Your pancreas is a long, narrow organ that sits just behind your stomach. It makes enzymes that help you digest food. And it makes hormones, such as insulin, that help control your blood sugar levels.
Sometimes the pancreas gets inflamed. This is known as pancreatitis. Pancreatitis causes pain, nausea, and other symptoms. If the inflammation doesn’t go away or gets worse, it is called chronic pancreatitis. Over time, chronic pancreatitis harms the pancreas and creates scar tissue which keeps it from working normally. When this happens, your pancreas can’t make the enzymes and hormones your body needs to digest food and control blood sugar levels.
The most common cause of chronic pancreatitis is drinking too much alcohol over a long period of time. Other causes include high blood levels of certain fats or calcium. Some medicines may cause chronic pancreatitis. A lung disease called cystic fibrosis is also a cause of pancreatitis. Sometimes the cause cannot be found. Men are more likely to get chronic pancreatitis than women.
The most common symptom of chronic pancreatitis is pain. You may have stomach pain and back pain that gets worse when you eat or drink. Nausea and vomiting are common. Some people lose weight, despite eating normally, because their bodies can’t absorb the nutrients from foods. Another possible symptom is high blood sugar levels. Some people have jaundice, which causes yellowish eyes and skin, and dark urine.
You may also have large, bulky stools that smell bad because you can’t digest fat. Some people get a bloated belly.
To find out if you have chronic pancreatitis, your healthcare provider will ask about your medical history and give you a physical exam. You may also have blood tests, or tests on your urine and stool.
Your provider may also suggest imaging tests. These may include a C-T scan or an ultrasound. A C-T scan is a series of X-rays that are put together by a computer to show a more complete picture. An ultrasound uses sound waves and a computer to show a live image of certain kinds of tissue.
The first step in treatment is to manage pain and give fluid and nutrition. Non-narcotic pain medicine may be enough to control your pain. If not, your provider may recommend that you see a pain specialist. Sometimes a hospital stay is needed to get the pain under control. Fluids and nutrition may be given through an IV and a feeding tube.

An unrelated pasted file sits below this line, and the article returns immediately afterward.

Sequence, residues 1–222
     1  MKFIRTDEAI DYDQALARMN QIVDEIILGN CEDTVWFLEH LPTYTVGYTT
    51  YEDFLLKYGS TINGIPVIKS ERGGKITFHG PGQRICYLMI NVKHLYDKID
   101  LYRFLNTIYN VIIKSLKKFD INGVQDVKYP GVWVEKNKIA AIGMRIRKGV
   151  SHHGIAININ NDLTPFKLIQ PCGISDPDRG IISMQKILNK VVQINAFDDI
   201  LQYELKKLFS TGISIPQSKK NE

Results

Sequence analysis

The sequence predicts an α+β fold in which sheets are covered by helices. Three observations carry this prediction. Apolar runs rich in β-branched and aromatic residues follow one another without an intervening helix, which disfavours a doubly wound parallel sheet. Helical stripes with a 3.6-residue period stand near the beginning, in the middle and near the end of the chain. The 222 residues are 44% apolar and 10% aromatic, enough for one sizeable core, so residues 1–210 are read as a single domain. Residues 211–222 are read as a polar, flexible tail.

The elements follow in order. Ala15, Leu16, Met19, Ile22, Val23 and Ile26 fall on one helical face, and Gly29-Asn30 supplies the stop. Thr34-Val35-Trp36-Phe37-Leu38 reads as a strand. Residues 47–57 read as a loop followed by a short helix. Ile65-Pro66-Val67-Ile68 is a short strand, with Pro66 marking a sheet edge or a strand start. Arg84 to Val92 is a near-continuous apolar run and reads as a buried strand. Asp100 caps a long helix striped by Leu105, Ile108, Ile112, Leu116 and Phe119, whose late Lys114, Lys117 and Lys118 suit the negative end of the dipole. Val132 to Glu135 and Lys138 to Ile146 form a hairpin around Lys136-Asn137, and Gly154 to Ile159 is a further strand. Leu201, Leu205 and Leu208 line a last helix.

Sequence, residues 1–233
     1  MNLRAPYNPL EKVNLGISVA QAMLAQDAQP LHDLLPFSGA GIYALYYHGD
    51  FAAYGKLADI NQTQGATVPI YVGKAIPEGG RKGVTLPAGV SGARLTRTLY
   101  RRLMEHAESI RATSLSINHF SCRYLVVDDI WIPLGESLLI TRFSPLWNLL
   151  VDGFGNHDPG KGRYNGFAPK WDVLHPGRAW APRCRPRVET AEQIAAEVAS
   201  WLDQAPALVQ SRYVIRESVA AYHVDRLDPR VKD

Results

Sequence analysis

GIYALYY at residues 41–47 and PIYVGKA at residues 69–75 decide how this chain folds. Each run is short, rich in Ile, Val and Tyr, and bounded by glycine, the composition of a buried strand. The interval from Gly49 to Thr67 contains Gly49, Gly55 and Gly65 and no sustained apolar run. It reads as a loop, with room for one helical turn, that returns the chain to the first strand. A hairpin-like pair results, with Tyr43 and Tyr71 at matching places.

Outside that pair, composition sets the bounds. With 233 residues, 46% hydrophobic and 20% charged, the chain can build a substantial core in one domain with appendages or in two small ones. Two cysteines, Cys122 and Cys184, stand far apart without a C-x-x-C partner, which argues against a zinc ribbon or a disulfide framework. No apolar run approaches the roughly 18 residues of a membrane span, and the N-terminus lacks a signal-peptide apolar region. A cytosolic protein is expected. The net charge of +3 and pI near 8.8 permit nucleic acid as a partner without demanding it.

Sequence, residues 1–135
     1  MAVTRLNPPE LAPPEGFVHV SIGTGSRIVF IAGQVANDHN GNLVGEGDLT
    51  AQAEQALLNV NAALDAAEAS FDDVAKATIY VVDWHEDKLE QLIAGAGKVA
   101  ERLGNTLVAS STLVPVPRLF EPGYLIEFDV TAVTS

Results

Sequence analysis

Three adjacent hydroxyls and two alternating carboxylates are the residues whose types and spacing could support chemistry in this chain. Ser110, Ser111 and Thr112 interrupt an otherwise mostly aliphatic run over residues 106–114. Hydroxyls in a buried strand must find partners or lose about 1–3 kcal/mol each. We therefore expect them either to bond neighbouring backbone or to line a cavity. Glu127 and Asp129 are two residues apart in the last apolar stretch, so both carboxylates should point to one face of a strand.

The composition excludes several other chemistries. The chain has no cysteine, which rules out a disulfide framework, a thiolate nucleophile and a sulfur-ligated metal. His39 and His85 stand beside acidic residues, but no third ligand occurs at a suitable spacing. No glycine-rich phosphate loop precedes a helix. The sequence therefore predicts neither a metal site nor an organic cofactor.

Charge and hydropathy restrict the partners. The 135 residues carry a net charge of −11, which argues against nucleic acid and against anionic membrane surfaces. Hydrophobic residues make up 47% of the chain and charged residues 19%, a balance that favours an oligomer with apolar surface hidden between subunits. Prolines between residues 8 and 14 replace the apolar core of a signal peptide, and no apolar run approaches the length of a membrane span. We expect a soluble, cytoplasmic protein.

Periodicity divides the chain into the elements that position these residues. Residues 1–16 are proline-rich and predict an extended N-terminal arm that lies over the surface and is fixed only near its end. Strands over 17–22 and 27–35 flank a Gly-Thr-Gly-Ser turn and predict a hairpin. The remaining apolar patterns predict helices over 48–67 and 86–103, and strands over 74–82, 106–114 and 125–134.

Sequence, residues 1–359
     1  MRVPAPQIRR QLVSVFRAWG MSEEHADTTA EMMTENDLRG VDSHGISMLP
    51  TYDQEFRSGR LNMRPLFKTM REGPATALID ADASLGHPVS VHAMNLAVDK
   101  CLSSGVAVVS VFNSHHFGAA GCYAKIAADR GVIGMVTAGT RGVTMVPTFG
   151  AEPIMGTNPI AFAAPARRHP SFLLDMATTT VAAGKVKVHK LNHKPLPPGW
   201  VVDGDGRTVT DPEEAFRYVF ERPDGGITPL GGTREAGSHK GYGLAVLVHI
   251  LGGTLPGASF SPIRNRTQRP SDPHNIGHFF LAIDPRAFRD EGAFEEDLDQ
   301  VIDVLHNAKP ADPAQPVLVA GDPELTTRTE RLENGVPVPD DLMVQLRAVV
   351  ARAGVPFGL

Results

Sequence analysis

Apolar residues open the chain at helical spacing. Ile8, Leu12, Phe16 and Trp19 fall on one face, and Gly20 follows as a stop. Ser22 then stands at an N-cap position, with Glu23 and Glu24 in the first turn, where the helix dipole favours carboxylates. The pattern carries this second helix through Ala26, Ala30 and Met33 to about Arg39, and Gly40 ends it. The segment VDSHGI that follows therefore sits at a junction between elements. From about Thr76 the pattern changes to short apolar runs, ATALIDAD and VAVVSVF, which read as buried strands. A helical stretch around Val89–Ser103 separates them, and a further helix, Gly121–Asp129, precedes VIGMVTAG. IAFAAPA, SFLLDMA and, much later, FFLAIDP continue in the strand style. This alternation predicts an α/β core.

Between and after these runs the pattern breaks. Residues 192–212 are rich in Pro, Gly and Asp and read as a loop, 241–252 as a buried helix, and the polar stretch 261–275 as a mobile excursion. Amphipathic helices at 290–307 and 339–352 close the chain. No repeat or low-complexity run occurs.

If you have chronic pancreatitis, you need to eat a low-fat, healthy diet with small, frequent meals. You need to avoid alcohol, fatty foods, and caffeine. Some people need to take vitamin supplements. If your pancreas isn’t making enough digestive enzymes or insulin, you’ll need to take medication. Enzyme tablets can help your body digest food. Insulin shots can help your body control blood sugar levels.
Some people may have a treatment called therapeutic endoscopy. An endoscope is a thin flexible tube with a light and a camera. While you are asleep, it’s inserted through your mouth, down into your small intestine. The camera sends images to a screen. The endoscope allows tiny tools to be used to drain cysts, remove stones, or widen narrowed ducts. In some cases these treatments can help reduce chronic pancreatitis symptoms.
In severe cases, surgery may be needed. Some of the pancreas may need to be removed. Your healthcare provider will tell you more about the types of surgery that may help you.
Some people with chronic pancreatitis get other diseases, like cancer of the pancreas. These are treated separately.
Things to Remember
- Eat a low-fat, healthy diet.
- Avoid alcohol and caffeine.
- Take enzyme supplements as prescribed.
Chronic pancreatitis can be a painful condition, but it can be managed with attention and care. Make sure to talk with your healthcare provider about what treatment options are best for you.
What We Have Learned
Chronic pancreatitis means your pancreas is inflamed and the inflammation is getting worse or not going away. True or false?
The answer is True. Chronic means ongoing. The inflammation can cause pain and other symptoms.
Some people with chronic pancreatitis get yellowish skin and eyes. True or false?
The answer is True. Chronic pancreatitis can cause jaundice, which makes your skin and eyes yellowish.
The most common cause of chronic pancreatitis is drinking a lot of alcohol over a long time. True or false?
The answer is True. People with chronic pancreatitis need to avoid alcohol.